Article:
Saturday, June 5, 2010
The Fine Art of Stargazing
The Fine Art of Stargazing
By Tom Wachunas
In her large-print, plain-spoken statement on the long north wall at Anderson Creative, Emily Vigil sums up her explanation and thoughts about her ambitious “Constellations Of Women” installation with these words: “As I continue in the early years of my marriage, a new stage of my career, and now, as I prepare to become a new mother, I am learning from the women you see pictured in this installation. Their struggles, talents, sorrows, courage, and laughter surround me. Like the constellations, they are there, changing patterns when I change my point of view…”
Suddenly the accompanying, very large display of small hexagonal cyanotype prints of faces, places and other odds and ends – a star chart facsimile of sorts – takes on a life of its own. On the wall opposite the statement and “star map” is a mixed media work by Vigil called “Milky Way.” It’s a densely packed, loosely composed collage depicting a seated woman (self portrait?) surrounded by various personal and stellar figurations, and clearly illustrative of the concept behind the show. Vigil has gathered fourteen other women artists to fill out the exhibit with a wide range of media.
On a personal level, then, the show is a fascinating testament about the women with whom Vigil has forged meaningful connections over the past few years. And on a more general, cosmic plane, if you will, the show speaks to the inspiration, nourishment and indeed light that comes from intentionally seeking and growing a community. So here is yet another excellent Anderson Creative offering, generous in its depth of compelling images and objects.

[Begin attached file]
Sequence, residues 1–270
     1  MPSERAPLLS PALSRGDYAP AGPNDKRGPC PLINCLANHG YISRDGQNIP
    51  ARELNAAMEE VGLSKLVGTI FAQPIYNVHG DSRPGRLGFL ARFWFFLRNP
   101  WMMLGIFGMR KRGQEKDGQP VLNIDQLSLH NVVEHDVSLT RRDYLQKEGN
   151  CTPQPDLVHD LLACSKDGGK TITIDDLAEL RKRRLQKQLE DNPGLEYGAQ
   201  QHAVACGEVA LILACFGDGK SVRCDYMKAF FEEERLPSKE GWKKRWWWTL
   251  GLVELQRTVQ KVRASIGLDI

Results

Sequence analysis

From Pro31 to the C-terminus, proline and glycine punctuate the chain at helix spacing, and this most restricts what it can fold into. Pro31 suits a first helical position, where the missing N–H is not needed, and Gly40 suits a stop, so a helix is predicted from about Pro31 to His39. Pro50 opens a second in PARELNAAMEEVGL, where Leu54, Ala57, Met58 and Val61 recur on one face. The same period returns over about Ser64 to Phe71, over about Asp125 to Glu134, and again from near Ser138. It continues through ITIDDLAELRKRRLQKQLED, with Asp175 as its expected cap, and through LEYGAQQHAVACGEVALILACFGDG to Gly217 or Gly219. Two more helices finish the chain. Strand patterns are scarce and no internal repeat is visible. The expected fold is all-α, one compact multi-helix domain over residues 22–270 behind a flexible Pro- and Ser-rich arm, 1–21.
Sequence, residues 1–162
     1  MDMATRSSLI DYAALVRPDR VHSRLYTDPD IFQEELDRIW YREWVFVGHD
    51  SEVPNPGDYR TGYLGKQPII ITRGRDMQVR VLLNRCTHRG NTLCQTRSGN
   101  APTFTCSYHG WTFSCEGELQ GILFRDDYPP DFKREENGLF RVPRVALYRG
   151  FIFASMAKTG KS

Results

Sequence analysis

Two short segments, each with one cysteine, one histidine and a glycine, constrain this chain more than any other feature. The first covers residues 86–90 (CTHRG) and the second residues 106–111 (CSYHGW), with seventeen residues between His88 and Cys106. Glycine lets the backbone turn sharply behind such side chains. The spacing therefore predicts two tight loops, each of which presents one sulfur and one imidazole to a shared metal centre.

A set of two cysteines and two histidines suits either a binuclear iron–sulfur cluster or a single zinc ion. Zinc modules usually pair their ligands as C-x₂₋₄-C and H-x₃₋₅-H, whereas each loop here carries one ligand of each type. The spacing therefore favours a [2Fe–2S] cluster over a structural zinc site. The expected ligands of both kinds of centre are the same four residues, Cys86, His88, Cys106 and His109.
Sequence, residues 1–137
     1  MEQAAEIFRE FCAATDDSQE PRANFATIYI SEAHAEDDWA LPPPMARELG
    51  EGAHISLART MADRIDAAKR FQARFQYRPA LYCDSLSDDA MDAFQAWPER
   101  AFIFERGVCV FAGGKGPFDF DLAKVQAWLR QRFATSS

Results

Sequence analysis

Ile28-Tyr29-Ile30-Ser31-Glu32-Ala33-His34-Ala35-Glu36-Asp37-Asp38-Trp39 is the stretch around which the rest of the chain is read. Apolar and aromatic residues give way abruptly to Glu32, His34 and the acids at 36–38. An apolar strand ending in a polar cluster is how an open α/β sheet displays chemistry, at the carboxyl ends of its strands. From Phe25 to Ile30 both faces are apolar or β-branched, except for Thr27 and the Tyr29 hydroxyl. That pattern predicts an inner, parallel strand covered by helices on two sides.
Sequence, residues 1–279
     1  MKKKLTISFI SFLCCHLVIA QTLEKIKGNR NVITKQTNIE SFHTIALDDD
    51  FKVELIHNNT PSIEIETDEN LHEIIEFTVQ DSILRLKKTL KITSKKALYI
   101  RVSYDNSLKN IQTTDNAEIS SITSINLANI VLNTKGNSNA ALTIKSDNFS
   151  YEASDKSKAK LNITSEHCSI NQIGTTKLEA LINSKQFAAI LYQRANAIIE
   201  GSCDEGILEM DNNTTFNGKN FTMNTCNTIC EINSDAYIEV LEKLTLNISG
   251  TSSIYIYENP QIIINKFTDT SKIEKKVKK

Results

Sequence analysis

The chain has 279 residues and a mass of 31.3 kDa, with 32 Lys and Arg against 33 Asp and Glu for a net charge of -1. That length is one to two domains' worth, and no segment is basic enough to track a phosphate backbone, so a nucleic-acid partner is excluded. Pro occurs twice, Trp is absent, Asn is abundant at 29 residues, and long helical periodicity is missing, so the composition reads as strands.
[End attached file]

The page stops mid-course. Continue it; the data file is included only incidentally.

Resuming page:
Clare Murray Adams’ “Entourage” is a grouping of three fiber sculptures that brings to mind canvas tents or strange vertical handbags. Carrying cases for private memories? What they may symbolize seems to be literally (each has an opening at the top) open for interpretation. In any event, there is about them a simple yet mystical air of rural domesticity.
The works by Katherine Cox are similarly intriguing, and marvelously well-crafted. Her meticulous graphite renderings on handmade paper - codified constructions depicting simple, ghost-like house forms rising out of Nature’s delicate aura – exude a spirit of gentle, elegant antiquity. And that same spirit, as well as remarkable drawing skill, is at work in “Them Bones,” a drawing of skeletal ephemera by Sandra Thouvenin.
“Xanthoria Parientina I” is an electrifying acrylic painting by Isin Sezer. It might be a view of organic minutiae, a floral arrangement, a still life, or a haunting landscape in the abstract. With its masterfully orchestrated variation of fluid marks, shapes and enthralling brush work (and those colors!), call it a mesmerizing symphony for the eyes.
Mesmerizing, too, is “Indian Madonna and Child,” a digital photo on canvas, enhanced with oil paint, by Sabina Haque. This is an awkward portrait, to be sure, even perhaps a bit cloying with its skewed halo and sloppily cropped edges. The overly-casual melding of modern and traditional media subtly serves to reflect the work’s conceptual duality – conflicting cultures occupying the same frame with equal insistence. Yet for all of this tension, the work, like so much of this show, exudes a quiet beauty.
Photo: “Xanthoria Parientina I” acrylic, by Isin Sezer, on view through June 25 at Anderson Creative in the exhibit “Constellations Of Women,” 331 Cleveland Avenue NW, downtown Canton. Gallery hours are 12:00 noon to 5:00p.m., Tuesday- Saturday.
To read more about this project, go to Emily Vigil’s blog at: